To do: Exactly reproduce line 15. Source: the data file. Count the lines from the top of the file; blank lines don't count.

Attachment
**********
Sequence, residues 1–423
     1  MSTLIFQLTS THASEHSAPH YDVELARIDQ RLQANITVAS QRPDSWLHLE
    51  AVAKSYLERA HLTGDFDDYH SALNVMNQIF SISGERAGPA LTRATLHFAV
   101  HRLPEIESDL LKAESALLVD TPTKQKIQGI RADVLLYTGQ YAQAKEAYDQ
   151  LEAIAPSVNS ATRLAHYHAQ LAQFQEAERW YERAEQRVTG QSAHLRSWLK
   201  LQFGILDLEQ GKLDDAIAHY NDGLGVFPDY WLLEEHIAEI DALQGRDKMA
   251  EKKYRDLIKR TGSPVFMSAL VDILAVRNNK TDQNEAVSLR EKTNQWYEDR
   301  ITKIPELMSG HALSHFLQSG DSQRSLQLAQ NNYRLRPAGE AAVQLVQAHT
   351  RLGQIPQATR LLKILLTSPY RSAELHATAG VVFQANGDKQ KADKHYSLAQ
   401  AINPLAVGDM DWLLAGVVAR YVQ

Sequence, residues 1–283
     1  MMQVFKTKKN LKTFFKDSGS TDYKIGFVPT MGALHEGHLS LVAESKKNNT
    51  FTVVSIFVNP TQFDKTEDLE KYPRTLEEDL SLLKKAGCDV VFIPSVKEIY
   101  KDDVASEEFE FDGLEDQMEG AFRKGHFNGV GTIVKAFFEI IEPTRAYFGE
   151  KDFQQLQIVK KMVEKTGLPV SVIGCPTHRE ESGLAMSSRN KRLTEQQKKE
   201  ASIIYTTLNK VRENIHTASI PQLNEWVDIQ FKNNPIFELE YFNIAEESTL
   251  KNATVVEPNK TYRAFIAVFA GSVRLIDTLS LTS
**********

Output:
   151  KDFQQLQIVK KMVEKTGLPV SVIGCPTHRE ESGLAMSSRN KRLTEQQKKE